Although we cannot hold any of our regular monthly wildlife outings, we can still get out and walk, individually or with a friend, in natural or semi-natural surroundings. Here are three suggestions for walks in different suburbs across town. As I understand it you should try to take your exercise close to home and not be driving across town simply to find a new walk – so please bear this in mind. If you have a favourite local walk in your suburb where others might exercise and enjoy being in nature, without straying too far from home – let us know!
Booroona Walking Trail, Rasmussen
This narrow footpath runs beside the rIver between Loam Island and Apex Park. We explored part of this walk way back in 2012 and you can read more about it here. You can start at either end and walk under the shade of tall paperbarks, eucalypts, casuarinas and Leichhardt trees, crossing a small bridge and timber boardwalk, before retracing your steps. At roughly half-way the track is interrupted by a community facility including large boat shed and parking area, but you can pick it up again on the other side. Near the boatshed is an area of the riverbank which Landcare re-vegetated a number of years ago. The track skirts around this, but it is easy to stay close to the river and wander through the well-established plantings. There are tranquil river views along the length of the track and it is much less-used than the bike track that runs close to the road, so you are unlikely to meet many people to have to “keep your distance” from. A note about parking – since my visit last week the Loam Island boat ramp has been closed, which might mean you are unable to drive down the access road to the parking areas. You may be able to pull over off the road or, if you start your walk at Apex Park, there is parking available at a shopping centre across the road. Obviously if signs prohibit access to walkers as well as boaties, at either park, you must obey them!
Bush Garden to Sherriff Park, Mundingburra
This walk will be more familiar to most readers, and we included part of it in a 2013 field trip, but I always find it rewarding. Again, you can start at either end but, if starting from the Bush Garden, park at the end of Thompson Street (which runs down beside the Cathedral School) and instead of following the bike track, walk a short way across the grass towards the river, to find the way into the Bush Garden. When you reach Aplins Weir it is worth making a detour onto the footbridge to look for the striated heron that likes to fish there. Return to the bike track and continue along the Mundingburra bank to Sherriff Park. Along the way do stop to admire the fantastic work done by CDTLI (Coastal Dry Tropics Landcare) in clearing the bank of leucaena and guinea grass and re-planting it with native species. At Sherriff Park a track leads down, past more Landcare plantings, to a bend in the river and an expanse of saltwater couch beloved by wallabies. It is worth exploring this as there is always something to see. On my recent excursion a flock of masked lapwings were gathered on the mud, an intermediate and little egret were fishing, two pelicans sailed into view and an osprey perched on a mangrove, close enough for identification without binoculars, which I had forgotten, and a (blurry) photo. This walk will be busier than the other two described here, but the bike track along the Mundingburra bank passes through a wide area of parkland between housing and river so it’s easy to step off onto the grass if you need more personal space.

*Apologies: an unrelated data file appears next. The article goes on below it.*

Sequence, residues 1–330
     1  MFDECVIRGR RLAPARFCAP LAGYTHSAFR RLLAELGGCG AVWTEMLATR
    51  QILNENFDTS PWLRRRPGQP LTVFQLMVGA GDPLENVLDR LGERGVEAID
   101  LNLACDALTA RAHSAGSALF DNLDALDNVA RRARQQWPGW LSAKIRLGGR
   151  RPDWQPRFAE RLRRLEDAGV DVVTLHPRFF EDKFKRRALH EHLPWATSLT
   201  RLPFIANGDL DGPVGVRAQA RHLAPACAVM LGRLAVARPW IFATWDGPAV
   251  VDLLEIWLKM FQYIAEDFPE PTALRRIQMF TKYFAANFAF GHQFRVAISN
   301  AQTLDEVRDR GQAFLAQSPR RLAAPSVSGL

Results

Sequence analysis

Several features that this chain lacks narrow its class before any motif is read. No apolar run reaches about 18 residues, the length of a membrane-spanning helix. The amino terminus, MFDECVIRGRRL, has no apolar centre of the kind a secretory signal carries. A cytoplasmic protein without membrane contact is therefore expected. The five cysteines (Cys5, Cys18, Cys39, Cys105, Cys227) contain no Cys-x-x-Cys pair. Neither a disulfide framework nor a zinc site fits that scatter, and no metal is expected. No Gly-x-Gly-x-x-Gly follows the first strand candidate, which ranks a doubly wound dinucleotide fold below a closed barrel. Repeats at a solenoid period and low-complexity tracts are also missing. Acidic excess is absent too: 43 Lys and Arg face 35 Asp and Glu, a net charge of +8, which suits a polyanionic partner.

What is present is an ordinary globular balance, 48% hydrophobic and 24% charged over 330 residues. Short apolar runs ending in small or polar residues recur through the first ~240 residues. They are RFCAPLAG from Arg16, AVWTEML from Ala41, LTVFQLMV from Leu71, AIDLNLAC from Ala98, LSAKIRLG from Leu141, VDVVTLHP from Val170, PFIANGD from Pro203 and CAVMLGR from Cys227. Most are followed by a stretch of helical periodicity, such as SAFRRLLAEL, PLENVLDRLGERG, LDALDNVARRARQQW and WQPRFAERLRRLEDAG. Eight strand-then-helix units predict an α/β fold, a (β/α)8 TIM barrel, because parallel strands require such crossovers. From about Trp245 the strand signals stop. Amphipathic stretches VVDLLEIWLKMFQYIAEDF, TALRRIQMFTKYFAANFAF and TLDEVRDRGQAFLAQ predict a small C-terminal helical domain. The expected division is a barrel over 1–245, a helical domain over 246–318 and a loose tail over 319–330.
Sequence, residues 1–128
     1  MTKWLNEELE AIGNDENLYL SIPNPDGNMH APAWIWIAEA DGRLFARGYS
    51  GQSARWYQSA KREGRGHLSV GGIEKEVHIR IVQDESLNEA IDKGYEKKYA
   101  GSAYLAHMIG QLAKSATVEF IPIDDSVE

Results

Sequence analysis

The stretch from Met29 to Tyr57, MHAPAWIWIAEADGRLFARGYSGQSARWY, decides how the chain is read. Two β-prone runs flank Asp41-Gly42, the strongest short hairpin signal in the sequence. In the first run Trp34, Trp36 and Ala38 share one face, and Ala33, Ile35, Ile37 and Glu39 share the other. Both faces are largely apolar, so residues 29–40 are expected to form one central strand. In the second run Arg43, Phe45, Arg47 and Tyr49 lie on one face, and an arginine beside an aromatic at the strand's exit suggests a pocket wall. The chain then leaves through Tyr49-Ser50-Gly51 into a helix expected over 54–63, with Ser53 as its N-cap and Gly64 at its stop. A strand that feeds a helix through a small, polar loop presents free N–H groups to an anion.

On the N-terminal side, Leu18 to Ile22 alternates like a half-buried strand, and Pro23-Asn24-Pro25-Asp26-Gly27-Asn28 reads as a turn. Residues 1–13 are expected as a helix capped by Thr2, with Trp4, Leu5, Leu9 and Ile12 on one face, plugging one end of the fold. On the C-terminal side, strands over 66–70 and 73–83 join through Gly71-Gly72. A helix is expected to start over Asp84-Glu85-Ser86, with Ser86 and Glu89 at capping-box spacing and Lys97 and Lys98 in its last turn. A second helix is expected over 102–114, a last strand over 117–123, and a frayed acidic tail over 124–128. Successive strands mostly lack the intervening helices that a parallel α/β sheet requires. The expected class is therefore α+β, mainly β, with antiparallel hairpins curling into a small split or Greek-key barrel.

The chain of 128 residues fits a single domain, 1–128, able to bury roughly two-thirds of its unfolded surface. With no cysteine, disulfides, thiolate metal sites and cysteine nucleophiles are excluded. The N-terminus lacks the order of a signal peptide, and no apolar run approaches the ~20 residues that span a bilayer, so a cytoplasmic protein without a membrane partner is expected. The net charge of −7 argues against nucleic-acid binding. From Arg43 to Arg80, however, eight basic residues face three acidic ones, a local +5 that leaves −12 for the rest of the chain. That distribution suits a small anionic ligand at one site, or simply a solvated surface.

Environmental Park, South Townsville
Established as a buffer zone between the Port and nearby South Townsville housing, I have wandered through this Park a number of times after first discovering it several years ago. Access is from the far end of Boundary Street or from Hubert Street – if the latter, take the second last left turn from Boundary Street into Hubert Street and follow right to the end. Annoyingly what looks like a perfect parking area at the Boundary Street entrance is marked “No standing” so you would need to park a bit further back, outside the last houses on that side of the road. From either access point, wide concrete walkways lead through the Park but you can diverge from these and explore more thoroughly. This part of the Park is planted with native species and is very shady. At the Hubert Street entrance there is a sign with information about the Gurambilbarra Wulgurukabba traditional owners, their culture and use of this land at the mouth of Ross River. Across Hubert Street the park continues but changes shape and character with open areas of mown grass and rows of mango trees, presumably the remnants of someone’s orchard, eventually tapering off along Cannan Street. This is not a park for vigorous exercise but makes for an interesting wander and you are unlikely to encounter more than two or three other walkers, with or without canine companions!
* Re the title of this post, I offer apologies to the late Colombian author, Gabriel Garcia Marquez (1927-2014), for the adaptation of the title of perhaps his best known novel, “Love in the time of cholera”.